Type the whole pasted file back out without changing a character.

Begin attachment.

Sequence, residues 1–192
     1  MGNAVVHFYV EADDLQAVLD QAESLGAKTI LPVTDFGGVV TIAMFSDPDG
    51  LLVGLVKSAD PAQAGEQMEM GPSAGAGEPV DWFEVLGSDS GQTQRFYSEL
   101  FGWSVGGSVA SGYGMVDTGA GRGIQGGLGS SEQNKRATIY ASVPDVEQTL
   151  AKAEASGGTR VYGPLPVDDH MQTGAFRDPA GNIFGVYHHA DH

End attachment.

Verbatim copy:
Sequence, residues 1–192
     1  MGNAVVHFYV EADDLQAVLD QAESLGAKTI LPVTDFGGVV TIAMFSDPDG
    51  LLVGLVKSAD PAQAGEQMEM GPSAGAGEPV DWFEVLGSDS GQTQRFYSEL
   101  FGWSVGGSVA SGYGMVDTGA GRGIQGGLGS SEQNKRATIY ASVPDVEQTL
   151  AKAEASGGTR VYGPLPVDDH MQTGAFRDPA GNIFGVYHHA DH